DAY 191: October 24th

October 24th, 2016 § 0 comments

Will be remembered by many as a day of misery, uncertainty, chaos, violence. By some, it’s true, as a day of hope – let’s remember them: the first children who qualify for admission to the UK under the ‘Dubs amendment’ to the Immigration Act; a handful of girls, mostly from Eritrea,croydon have just arrived at the sinister Home Office’s Lunar House in Croydon to begin what will certainly be a lengthy process of interrogation before they can satisfy the authorities that they deserve to be admitted to this country, having just been ejected from France.

This could indeed be seen as a double beginning. On the French side, it’s the beginning of yet another attempt at containment; 10,000 non-Europe inhabitants of France are to be removed from their present homes, graded and sorted, and dumped in some unknown destination: as Passeurs d’hospitalités points out, they will allegedly be divided into three categories , ‘children’, ‘vulnerable people’ and ‘others’. What are the criteria for this sorting – and what is to become of those in each category? It’s a parallel of the Last Judgment, of all judgments beyond the grave where souls are weighed and the saved lastjudgseparated from the damned.

At the most basic level, our own, let’s note that these refugees which Britain is congratulating itself about are children and children only. Adults, no matter how much they may have suffered in war, famine, repression, childdon’t qualify under any of our government’s criteria to escape the consequences of the camp clearance. Why not – under the 1951 Convention they should have the right to protection given their well-founded fear of persecution. If you lived in Raqqa, wouldn’t such a fear be well-founded?

Even the children are instantly suspected of fakery, of lying about their age – as any duplicitous Arab (or other non-European) would. What a long way we have come from the spirit of generosity which informed the movement for refugees of a year ago. Racism and xenophobia pollute the public discourse on all sides; reading the poisonous comments of many internet users one must ask if any of them  have ever spoken to a refugee, looked one in the eye, let alone shared a cup of tea? That plain human contact which is the enemy of prejudice seems to have been lost in a virtual world of suspicion and hatred.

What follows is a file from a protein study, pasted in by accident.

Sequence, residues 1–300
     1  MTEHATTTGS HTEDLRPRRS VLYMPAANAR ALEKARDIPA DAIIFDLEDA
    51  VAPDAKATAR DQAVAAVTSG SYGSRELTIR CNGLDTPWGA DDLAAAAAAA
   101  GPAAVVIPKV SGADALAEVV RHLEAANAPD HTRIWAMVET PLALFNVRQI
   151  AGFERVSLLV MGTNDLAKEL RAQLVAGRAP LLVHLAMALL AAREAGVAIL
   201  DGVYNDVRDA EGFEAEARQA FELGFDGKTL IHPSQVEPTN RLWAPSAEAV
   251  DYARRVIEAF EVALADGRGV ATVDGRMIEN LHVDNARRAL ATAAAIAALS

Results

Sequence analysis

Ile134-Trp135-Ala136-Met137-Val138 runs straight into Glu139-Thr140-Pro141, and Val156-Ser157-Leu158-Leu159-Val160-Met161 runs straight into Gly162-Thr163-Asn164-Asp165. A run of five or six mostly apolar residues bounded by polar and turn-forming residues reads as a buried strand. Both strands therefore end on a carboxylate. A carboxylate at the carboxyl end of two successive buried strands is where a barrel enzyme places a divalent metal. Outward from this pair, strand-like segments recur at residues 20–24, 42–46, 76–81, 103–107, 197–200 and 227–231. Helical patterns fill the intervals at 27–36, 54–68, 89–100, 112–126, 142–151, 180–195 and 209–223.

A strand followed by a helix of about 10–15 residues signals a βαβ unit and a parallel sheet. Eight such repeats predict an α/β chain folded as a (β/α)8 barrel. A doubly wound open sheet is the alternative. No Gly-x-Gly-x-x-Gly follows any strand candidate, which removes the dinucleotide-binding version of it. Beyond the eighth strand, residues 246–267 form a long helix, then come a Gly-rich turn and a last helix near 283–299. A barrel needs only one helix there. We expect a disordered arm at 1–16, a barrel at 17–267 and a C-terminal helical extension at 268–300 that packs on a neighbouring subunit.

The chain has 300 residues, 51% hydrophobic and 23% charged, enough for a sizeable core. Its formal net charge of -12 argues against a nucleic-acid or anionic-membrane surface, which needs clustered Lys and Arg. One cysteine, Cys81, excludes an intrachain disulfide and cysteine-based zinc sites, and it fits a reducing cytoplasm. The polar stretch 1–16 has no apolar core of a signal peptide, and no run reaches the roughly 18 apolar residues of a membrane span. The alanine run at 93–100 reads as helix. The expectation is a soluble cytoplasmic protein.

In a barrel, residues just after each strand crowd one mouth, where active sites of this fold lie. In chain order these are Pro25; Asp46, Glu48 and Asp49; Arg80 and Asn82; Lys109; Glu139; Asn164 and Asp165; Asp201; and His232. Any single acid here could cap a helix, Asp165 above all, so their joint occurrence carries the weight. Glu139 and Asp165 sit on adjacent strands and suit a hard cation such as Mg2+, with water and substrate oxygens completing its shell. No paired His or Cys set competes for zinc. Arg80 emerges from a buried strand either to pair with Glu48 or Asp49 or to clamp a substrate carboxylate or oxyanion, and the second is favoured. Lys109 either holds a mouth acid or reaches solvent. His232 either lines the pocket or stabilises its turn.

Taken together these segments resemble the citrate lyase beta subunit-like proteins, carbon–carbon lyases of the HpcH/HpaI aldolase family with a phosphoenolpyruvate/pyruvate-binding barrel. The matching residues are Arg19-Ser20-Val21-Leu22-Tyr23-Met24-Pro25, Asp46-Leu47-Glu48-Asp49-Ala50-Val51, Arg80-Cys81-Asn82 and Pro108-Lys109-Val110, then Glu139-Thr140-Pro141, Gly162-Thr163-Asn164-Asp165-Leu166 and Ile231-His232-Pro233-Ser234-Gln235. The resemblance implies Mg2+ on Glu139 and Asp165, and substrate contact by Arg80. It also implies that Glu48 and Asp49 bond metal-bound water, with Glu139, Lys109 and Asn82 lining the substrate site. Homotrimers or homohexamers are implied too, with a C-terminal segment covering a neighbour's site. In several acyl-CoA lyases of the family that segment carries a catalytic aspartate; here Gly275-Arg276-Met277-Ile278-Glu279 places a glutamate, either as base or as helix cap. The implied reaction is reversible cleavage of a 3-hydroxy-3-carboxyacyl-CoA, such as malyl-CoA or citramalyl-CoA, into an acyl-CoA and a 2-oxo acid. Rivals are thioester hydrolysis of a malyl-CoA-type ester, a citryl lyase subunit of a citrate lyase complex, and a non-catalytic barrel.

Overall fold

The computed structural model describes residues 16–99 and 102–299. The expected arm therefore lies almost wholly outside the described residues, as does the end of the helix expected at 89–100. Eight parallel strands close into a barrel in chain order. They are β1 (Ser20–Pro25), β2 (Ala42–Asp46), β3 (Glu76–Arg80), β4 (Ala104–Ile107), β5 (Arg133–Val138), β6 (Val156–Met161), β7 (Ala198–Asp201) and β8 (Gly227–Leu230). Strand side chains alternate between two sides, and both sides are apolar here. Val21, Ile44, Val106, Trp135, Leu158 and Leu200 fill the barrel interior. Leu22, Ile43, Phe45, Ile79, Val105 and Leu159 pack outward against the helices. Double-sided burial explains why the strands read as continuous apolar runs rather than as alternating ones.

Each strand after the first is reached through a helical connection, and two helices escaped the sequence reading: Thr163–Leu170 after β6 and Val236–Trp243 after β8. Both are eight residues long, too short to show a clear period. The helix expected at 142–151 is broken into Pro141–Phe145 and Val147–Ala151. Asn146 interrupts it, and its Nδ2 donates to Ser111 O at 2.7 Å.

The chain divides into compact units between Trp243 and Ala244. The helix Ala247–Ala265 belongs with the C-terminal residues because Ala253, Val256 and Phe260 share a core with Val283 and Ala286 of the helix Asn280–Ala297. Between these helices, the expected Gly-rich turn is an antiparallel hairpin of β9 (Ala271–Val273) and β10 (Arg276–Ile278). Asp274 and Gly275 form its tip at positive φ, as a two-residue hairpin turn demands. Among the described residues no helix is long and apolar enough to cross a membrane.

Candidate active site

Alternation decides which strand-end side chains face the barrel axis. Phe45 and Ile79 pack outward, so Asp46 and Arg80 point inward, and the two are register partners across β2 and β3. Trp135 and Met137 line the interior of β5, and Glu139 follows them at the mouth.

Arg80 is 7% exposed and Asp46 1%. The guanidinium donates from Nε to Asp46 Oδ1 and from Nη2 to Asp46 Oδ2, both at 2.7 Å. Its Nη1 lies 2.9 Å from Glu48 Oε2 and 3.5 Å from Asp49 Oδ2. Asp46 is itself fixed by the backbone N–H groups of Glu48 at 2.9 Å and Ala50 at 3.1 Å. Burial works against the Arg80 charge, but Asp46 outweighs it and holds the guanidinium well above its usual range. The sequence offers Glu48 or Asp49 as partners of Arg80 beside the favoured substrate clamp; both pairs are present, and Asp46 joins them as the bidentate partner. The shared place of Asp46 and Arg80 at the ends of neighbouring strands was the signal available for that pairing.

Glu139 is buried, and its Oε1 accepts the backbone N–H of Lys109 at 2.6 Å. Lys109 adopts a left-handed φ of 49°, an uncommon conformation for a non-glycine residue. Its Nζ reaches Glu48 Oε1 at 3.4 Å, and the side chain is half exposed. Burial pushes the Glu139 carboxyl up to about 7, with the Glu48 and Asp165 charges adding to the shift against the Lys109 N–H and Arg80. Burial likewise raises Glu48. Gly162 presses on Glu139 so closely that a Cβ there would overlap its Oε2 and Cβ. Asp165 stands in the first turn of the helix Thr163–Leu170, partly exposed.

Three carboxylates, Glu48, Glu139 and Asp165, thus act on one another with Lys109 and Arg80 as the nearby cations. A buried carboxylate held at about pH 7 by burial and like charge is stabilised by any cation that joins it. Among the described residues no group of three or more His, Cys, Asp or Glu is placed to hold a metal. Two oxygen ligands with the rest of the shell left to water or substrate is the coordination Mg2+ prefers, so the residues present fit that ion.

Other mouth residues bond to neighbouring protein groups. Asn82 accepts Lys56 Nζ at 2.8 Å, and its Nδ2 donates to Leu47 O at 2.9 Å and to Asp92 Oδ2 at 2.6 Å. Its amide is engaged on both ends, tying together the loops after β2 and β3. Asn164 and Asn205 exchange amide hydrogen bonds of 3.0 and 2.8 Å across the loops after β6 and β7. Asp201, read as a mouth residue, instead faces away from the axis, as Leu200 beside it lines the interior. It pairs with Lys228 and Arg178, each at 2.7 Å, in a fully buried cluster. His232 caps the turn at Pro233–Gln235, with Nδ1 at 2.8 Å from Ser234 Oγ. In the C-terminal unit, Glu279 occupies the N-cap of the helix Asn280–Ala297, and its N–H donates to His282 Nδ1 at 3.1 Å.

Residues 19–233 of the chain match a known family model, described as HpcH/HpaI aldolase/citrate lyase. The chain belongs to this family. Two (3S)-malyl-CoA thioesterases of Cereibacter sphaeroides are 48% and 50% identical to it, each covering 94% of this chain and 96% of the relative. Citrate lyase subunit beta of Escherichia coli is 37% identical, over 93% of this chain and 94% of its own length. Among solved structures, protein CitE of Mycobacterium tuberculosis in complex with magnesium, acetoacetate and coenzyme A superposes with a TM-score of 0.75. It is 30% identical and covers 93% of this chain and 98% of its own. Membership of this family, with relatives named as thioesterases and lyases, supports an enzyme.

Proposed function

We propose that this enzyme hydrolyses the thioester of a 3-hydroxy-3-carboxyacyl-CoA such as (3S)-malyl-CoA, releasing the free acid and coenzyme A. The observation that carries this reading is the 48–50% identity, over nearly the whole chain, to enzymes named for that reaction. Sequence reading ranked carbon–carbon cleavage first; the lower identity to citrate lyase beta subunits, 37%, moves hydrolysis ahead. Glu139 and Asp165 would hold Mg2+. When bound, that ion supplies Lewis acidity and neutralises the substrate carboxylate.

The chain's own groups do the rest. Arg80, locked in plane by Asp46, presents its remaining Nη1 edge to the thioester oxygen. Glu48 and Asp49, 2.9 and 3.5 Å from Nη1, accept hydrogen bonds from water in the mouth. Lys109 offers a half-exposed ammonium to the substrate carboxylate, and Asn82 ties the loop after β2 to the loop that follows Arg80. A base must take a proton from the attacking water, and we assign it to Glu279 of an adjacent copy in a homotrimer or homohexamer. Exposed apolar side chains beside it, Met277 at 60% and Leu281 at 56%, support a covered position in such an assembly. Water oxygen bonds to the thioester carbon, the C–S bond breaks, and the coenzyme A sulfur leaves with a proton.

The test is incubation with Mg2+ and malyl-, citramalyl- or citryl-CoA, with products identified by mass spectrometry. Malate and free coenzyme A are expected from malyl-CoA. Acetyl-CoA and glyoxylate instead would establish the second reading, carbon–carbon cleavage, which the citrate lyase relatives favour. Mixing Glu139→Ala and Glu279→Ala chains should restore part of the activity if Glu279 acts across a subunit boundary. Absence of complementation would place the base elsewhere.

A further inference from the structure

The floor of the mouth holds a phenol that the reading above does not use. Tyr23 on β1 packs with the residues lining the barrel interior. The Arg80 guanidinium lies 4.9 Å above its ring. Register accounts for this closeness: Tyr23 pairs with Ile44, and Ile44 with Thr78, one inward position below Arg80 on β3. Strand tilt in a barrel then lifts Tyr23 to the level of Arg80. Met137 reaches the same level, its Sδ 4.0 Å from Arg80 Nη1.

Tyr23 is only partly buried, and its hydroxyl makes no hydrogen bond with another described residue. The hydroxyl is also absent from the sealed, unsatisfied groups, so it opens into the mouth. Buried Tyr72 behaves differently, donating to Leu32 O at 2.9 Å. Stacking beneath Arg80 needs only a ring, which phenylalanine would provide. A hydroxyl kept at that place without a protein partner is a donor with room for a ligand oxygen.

As usual I have to return to Izzy for a reminder of the values which we – and thousands of others – share.

“52 people arrived to Chios this morning, on their way they told me how they cried as the Turkish coastguard circled them, making waves and trying to push them back.

On arrival, authorities shouted at them, encouraging their tears and fear.

But dry clothes soothed their cold and bubbles and sweets brought smiles to the children’s faces again.

Sitting with single mothers, making this dangerous journey alone, tired but relieved, clutching babies as the sun rose they showed me videos of the camps in Turkey. Scenes of utter inhumanity filled the screens of their phones, rubbish tips which had become homes.

I didn’t have the heart to dash the expectations they clearly held close to their hearts of the camps they were bound for on the island. I wish I could have reassured them that what Europe has in store for them is better than the scenes they were so keen to show me – unfortunately, I know what awaits them is much the same.

Shame on you, Europe.”

Izzy Tomico Ellis's photo.

I recall that faith leaders (Christian, Muslim and Jewish) joined in welcoming the refugees on arrival. Of course faith is no guarantee of decency, and the most decent souls may well be those with no faith. It’s the ability to see the other’s humanity as deserving respect which will save you – or not – in this crisis.

Let us, then, record this day as the one when the institutions of power in Europe, in their blindness, took a step further towards their own destruction. ‘Calais’, the institution where I’ve worked off and on for a year, may have been extinguished. But its extinction is temporary; and not only because there will constantly be more refugees arriving. There is a ‘Calais’ of the heart which is not going to die.

In the meantime, there is, constantly, work to do in helping those people who have arrived here to make it their home. Britain is, currently, disturbingly not a place where the stranger can feel at home. It must be a priority to transform it, to make it so. We have a great Muslim population, often dating back several generations. Why should the arrival of a few thousand more threaten us?

But perhaps to answer this would take us into the question of who we are and why we have, ceaselessly, been fighting wars against these people – people who have now come back, paradoxically, to claim that Britain is their ‘home’.

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